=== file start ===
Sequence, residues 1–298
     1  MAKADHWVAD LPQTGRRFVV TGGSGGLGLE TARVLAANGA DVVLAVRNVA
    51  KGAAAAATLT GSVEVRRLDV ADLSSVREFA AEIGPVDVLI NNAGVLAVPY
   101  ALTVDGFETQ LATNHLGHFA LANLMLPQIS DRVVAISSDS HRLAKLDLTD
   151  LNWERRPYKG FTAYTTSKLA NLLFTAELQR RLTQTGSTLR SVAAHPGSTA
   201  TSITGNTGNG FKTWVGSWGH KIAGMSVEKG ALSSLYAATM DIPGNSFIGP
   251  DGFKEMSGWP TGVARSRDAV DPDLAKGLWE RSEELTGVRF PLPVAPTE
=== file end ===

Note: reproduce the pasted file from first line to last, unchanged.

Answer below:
Sequence, residues 1–298
     1  MAKADHWVAD LPQTGRRFVV TGGSGGLGLE TARVLAANGA DVVLAVRNVA
    51  KGAAAAATLT GSVEVRRLDV ADLSSVREFA AEIGPVDVLI NNAGVLAVPY
   101  ALTVDGFETQ LATNHLGHFA LANLMLPQIS DRVVAISSDS HRLAKLDLTD
   151  LNWERRPYKG FTAYTTSKLA NLLFTAELQR RLTQTGSTLR SVAAHPGSTA
   201  TSITGNTGNG FKTWVGSWGH KIAGMSVEKG ALSSLYAATM DIPGNSFIGP
   251  DGFKEMSGWP TGVARSRDAV DPDLAKGLWE RSEELTGVRF PLPVAPTE